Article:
The Official Voice of Vietnam Veterans of America, Inc. ®
An organization chartered by the U.S. Congress
The Thirty Years War
BY THOMAS H. COREY
April 30 marks the thirtieth anniversary
of the end of the Vietnam War. But the war has not ended in the
hearts and minds of millions of Americans. Thirty years later, we
are still fighting Congress for adequate funding for VA Health
Care for those who served and for those who are serving today.
Many in our communities were affected by the Vietnam War. They
were there; they served elsewhere; or they had a brother, cousin,
or uncle who did. Or there is a name of a husband, father, son,
daughter, or friend etched into The Wall.
The In Memory plaque recognizes all who have died as a result of
their service during the Vietnam War and whose names are not
etched on the The Wall. Agent Orange, HEP-C, PTSD, and
other war-related illnesses have taken so many lives. Now with yet
another generation of young men and women in harm’s way, for many
of us, our sleep is fitful, our anxiety is high, and our patience
has vanished. And we detach from the realities of war, fear, and
helplessness that surround us.
PTSD as a psychiatric diagnosis first appeared in the
Diagnostic and Statistical Manual of Mental Disorders (DSM) in
1980. It described PTSD as a situation in which “the person
experienced, witnessed, or was confronted with an event or events
that involved actual or threatened death or serious injury, or a
threat to the physical integrity of self or others.” The diagnosis
requires that “the person’s response involved intense fear,
helplessness, or horror.”
The DSM description continues: “Symptoms can include general
restlessness, insomnia, aggressiveness, depression, dissociation
with reality, emotional detachment, or nightmares. Amplification
of other underlying psychological conditions may also occur.”
Veterans of former wars suffered from what was called shell shock,
battle fatigue, or soldier’s heart. But PTSD—its Vietnam War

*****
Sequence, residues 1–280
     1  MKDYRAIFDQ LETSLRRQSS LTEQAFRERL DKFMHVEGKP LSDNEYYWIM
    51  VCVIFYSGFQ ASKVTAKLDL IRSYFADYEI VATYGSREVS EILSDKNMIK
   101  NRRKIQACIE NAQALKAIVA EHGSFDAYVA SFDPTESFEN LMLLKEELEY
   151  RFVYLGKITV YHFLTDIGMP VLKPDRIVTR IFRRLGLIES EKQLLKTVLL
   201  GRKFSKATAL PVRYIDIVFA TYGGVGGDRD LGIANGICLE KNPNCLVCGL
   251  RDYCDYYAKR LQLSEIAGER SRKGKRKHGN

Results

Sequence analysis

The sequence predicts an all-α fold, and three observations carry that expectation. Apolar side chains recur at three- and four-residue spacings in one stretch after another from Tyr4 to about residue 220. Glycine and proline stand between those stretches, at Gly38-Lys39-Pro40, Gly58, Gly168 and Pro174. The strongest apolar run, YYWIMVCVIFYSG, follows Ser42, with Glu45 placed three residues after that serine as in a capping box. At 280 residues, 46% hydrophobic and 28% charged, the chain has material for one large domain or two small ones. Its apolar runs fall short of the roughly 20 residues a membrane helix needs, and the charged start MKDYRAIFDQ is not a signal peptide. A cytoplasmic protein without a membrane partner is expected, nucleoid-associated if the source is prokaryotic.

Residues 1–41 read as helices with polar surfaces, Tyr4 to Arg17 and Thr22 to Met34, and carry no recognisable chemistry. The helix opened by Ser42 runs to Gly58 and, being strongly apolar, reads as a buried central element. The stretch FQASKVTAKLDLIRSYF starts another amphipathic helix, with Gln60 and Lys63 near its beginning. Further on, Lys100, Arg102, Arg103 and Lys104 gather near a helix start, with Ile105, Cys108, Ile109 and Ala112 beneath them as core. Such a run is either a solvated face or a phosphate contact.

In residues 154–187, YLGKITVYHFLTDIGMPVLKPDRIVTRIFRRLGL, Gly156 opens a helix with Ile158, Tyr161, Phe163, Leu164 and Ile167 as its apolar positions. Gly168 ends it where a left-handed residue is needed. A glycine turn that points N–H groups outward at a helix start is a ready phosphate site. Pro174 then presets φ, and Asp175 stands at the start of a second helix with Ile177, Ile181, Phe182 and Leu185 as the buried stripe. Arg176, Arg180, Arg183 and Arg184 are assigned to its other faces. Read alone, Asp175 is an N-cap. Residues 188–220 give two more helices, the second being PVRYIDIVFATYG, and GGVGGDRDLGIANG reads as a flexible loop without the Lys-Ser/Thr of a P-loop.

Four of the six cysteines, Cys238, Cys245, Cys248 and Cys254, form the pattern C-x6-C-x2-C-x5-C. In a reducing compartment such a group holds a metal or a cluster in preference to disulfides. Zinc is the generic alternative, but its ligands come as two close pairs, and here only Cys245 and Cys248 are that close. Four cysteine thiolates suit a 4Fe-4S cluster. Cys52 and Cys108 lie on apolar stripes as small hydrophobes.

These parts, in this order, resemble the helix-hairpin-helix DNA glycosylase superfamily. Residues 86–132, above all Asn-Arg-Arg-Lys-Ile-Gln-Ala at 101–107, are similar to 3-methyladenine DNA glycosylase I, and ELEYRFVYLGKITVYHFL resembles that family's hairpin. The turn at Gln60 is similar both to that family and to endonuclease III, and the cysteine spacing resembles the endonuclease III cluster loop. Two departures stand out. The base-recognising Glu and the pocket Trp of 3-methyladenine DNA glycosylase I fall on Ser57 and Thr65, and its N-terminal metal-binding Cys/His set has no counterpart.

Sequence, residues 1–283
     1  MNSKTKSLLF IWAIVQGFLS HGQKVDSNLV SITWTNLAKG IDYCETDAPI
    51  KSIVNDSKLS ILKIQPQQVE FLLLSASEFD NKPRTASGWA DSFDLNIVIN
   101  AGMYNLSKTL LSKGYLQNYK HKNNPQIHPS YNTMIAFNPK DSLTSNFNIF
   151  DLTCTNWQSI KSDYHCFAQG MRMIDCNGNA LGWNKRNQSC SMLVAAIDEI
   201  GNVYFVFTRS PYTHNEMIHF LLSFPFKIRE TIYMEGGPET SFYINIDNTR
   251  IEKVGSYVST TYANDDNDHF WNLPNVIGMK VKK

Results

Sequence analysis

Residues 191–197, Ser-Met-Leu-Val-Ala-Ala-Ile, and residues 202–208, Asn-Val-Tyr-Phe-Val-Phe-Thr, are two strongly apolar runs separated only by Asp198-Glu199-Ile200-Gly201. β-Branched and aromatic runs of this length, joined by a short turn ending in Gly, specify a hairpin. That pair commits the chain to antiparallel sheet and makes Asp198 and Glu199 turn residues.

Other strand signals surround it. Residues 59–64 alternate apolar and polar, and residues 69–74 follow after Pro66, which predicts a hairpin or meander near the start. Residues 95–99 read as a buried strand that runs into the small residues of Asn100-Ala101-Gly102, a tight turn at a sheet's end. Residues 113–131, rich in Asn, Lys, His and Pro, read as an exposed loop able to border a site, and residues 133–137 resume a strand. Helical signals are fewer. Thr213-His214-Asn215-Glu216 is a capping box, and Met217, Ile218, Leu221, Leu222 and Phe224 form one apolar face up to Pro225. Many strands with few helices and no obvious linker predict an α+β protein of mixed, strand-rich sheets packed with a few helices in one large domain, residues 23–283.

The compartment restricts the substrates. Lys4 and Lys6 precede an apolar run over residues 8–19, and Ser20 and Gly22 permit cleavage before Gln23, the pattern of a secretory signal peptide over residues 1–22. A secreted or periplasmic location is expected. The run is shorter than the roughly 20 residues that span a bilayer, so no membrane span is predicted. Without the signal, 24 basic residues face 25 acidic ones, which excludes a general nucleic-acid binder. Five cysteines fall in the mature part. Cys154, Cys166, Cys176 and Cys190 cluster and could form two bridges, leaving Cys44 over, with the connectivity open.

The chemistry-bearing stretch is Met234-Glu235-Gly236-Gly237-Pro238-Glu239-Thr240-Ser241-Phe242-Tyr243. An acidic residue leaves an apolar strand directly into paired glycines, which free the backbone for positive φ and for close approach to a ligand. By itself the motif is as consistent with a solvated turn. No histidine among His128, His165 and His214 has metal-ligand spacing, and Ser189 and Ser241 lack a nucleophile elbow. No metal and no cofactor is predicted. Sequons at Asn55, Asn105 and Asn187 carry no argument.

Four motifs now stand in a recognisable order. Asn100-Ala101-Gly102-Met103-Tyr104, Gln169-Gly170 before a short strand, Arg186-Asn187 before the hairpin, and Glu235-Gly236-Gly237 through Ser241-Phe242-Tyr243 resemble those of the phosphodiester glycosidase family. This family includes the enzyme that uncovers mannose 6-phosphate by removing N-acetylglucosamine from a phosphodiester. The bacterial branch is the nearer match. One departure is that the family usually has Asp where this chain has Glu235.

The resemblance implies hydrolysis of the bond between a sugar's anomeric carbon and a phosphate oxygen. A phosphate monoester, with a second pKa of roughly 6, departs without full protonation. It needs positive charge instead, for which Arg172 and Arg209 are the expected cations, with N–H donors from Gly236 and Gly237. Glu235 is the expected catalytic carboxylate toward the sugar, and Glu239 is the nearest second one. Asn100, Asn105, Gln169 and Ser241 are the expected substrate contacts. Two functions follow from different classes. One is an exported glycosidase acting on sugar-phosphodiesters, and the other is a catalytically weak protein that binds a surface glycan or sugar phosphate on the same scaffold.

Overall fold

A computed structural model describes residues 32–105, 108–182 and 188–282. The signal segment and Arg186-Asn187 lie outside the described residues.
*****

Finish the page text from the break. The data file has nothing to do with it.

incarnation—has been a tough and secretive affliction. Instead of
receiving compassion or treatment, however, returning veterans
were shunned and disdained as “walking time bombs.” In fact, the
“Crazy Vietnam Vet” was a common, if detestable, stereotype of
American popular culture.
VVA has always loudly denounced that insulting and demeaning
stereotype. Just as forcefully and even more passionately, VVA has
been in the forefront of studying, examining, and describing PTSD.
We have supported the formation and encouraged the use of Vet
Centers. Our organization has counseled and educated our members
and their friends and families about the realities of PTSD. At the
same time, we have sought to educate the general public, while
standing up for our own self-respect and dignity.
In the pages of The VVA Veteran can be found some of the
very best writing on the subject. PTSD Committee Chair Tom Berger
has reviewed the many articles that have been published in this
newspaper and has selected some of the best for this issue. Some
may be new to you because they’re so old. Brison and Treanor’s
“Vietnam Veterans and Alcoholism,” for example, was published in
1984. Bentley’s 1991 “A Short History of PTSD” is a seminal work
that should be essential reading. But PTSD is not just the
affliction of Vietnam veterans. We’ve watched and read about
soldiers returning from Afghanistan and Iraq. And perhaps it’s
been clearer to us what’s wrong with these youngest veterans. Our
commitment never to abandon another generation of veterans
requires that we stand by these young men and women and give them
the knowledge of our experience, even while we acknowledge that
their war is different from ours.
Theirs will be a tough road. Ours has been a tough road. We will
insure that the proper psychological assistance is available, as
well as our full attention. VVA will hold a remembrance ceremony
on April 30 at the The Vietnam Veterans Memorial in
Washington to honor all who served, thirty years after a war that
took so much from those who served their country.
God Bless those serving today.
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